• Press the herb into a jar, preferably filling the jar, especially if you are working with a leaf or a fluffy herb.
  • Pour the menstrum over the herb so that the liquid fully infuses and covers the plant matter by ¼- ½ inch above. For Dry plant tinctures, vodka or other 40%/80 proof liquors are sufficient (this means there is already 60% water mixed with the alcohol). There are organic vodkas available. For Fresh plant tinctures make sure to use as high a percentage of alcohol as possible. The fresh plant has its own water content, which can dilute the menstrum and cause decay. Regular vodka which is 40%/80 proof liquor is not high enough alcohol content for many fresh plants. Look for 151 or Everclear, which means that the alcohol content is 75%/150 proof. Another option is to buy 95% ethanol online or from the Sonoma County Herb Exchange, for pickup at Homestead Apothecary. Talk to Nic about days for order and pickup. This alcohol can then be diluted to the percentage desired. Fresh plants often require 60%-80% alcohol to keep from spoiling.  If you are using fresh plants and all you have is vodka, dry or dry wilt the plants for 2-3 days; Let extra moisture evaporate from the herb until it wilts before macerating. Freshly dried plants are still more potent than dry plants that have sat on the shelf for long periods of time.
  • Weigh down fresh herb with a stone if you need to keep the herb compressed below the level of the liquid. Herbs sticking out have the potential to oxidize or mold. Stones can be simply rocks you pick up while hiking then scrub and boil to clean. Or you can be very intentional about infusing specific crystal energies into your plant medicines by choosing gems and crystals to weigh down your herbs. Cap the jar tightly and let macerate.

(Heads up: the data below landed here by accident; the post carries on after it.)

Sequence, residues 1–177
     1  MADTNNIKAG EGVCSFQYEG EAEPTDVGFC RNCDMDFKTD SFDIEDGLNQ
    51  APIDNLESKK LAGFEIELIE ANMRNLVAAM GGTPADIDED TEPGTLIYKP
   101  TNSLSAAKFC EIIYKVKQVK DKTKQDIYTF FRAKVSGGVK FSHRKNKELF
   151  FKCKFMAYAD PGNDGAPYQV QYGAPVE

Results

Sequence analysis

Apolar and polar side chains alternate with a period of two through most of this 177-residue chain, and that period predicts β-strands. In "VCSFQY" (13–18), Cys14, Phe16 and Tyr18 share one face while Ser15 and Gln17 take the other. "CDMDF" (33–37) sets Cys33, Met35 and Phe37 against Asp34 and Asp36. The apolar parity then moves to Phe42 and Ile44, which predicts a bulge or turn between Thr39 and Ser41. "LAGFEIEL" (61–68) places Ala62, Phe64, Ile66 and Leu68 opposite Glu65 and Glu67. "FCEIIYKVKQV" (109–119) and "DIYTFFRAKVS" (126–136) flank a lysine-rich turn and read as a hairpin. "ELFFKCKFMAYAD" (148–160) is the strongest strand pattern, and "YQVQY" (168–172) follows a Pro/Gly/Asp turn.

• Shake dry plant tinctures daily, especially if the herb is powdered and compressed at the bottom of the jar. This keeps the surface area of the plant in contact with the menstrum and adds energetic vibrations to your medicine. Be sure to sing or talk to your medicine to enliven and potentize the extract.
  • Macerate the herbs in the menstrum for 2-4 weeks. For the most potent medicine, time your tincture making with the moon’s energy. Build magical energy into the herb by making your tincture on the new moon and pressing it out on the full moon, or leave the herb macerating for a full moon cycle to infuse your medicine with the potency of a full cycle.  Fresh plants will fully give up their constituents quicker than dry plants. The Marc, or plant after it is pressed out of the liquid, will be almost colorless and dry and crispy when it is done macerating. All of the energy of the plant will now be in the menstrum.
  • Press the Marc, or the herbs, through a clean cotton cloth. My favorite method is to place a strainer in the rim of a bowl, lay the cloth in the strainer for support, pour the macerating herbs into the cloth and pull the corners of the cloth up to twist and wring out the liquid. Once the marc is as dry as you can get it, compost the plant matter. The liquid can now be bottled in tightly sealed dark glass away from light. This will ensure the shelf life of the tincture.
  • Use as needed.


Have fun with your medicine and happy empowered healing with the plants!